Breaking News
More () »

2021 court documents reveal writing on the wall for Club Q shooting suspect

After a prior arrest involving stockpiling firearms and kidnapping, a judge warned the Club Q suspect could be dangerous in the future. Then, the case was dismissed.

COLORADO SPRINGS, Colo — Months before allegedly storming into a LGBTQ nightclub in Colorado Springs, killing five people and wounding 17 others, a judge warned how dangerous the suspect in the case could be.

The revelation of this early warning comes from transcripts of a 2021 court case recently unsealed after the November 19 shooting at Club Q. Nearly a year later, the same judge approved a defense motion to dismiss all charges in the case citing a failure to prosecute. The prosecution had trouble securing witnesses to testify in court.

The Associated Press was the first to report the judge’s comments in the previous case against the Club Q shooting suspect, Anderson Lee Aldrich. 

Aldrich identifies as non-binary and uses they/them pronouns, according to their defense attorneys in the mass shooting case.

In 2021, they were arrested for a slew of charges, including kidnapping their grandparents and felony menacing. In a bond hearing on Aug. 5, 2021, Judge Robin Chittum warned the suspect needed to be treated for a mental illness and said “if we have a slip-and-fall and mess up on this one, it’s going to be so bad.”

“This is a tough one, folks, because I see the mental health piece here,” Chittum said the first time. “I see that this person sitting here with me in my courtroom is not the person who was caught up in all of this. Mr. Aldrich was a different person that day. But, holy cow, that was a scary person.”

The prosecutor in the case told the court that Aldrich had secured rounds of ammunition, handguns, magazines, body armor, an armored helmet and a gas mask.

“He has made comments that he wants to go out in a blaze,” Deputy District Attorney Younsung Park told the court. “He has made threats to blow up law enforcement.”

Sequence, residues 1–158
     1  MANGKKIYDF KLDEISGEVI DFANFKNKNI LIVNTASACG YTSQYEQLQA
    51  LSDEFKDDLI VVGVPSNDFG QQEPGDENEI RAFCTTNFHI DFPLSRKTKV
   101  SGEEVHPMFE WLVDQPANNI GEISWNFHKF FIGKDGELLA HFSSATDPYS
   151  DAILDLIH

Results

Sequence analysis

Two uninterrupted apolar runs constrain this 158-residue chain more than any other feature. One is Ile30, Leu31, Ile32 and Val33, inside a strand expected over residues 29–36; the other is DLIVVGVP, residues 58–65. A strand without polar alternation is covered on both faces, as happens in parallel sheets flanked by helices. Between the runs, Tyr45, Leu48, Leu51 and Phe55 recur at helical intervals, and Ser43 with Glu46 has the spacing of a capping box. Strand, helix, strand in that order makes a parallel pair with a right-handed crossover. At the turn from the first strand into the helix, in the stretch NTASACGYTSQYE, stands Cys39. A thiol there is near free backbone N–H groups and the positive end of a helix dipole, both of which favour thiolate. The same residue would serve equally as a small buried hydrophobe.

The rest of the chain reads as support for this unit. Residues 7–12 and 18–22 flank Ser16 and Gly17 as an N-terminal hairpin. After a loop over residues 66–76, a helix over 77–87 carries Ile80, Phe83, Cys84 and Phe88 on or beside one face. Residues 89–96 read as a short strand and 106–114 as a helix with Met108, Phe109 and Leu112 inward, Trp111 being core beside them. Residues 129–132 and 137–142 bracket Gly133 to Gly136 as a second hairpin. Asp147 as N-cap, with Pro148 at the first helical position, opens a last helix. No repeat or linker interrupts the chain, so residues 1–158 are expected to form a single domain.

During that same hearing, the alleged Club Q shooter said they struggled with mental health issues their whole life.

“All throughout high school, I had been refusing to take care of myself,” the suspect said in court last year. “Refusing to be diagnosed with illness, and refusing to take medicine all simply because I selfishly wanted to join the military.”

Their mother, Laura Voepel, told Judge Chittum she was enrolling her adult child in therapy.

The suspect went on to tell the court that when they moved to Colorado, they got a medical marijuana card. As years went by, they said they began to use heroin.

The suspect also spoke about a fascination with guns that began when they were 16 and received their first firearm as a gift.

“This is a major pastime for me,” they said in court. “Going to school, working, and then relaxing at the shooting range. It was highly therapeutic for me, and was a great way to spend spare time.” 

At the hearing, Chittum reduced Aldrich’s bond and suggested counseling and residential therapy.

Months later in October at a status hearing in the case, Aldrich’s attorney assured Chittum the suspect was in therapy and on medication.

“You got to hang in there with the meds,” Chittum told Aldrich. “I know.. it’s weird at first.”

“It’s an adjustment period for sure,” the suspect assured the court.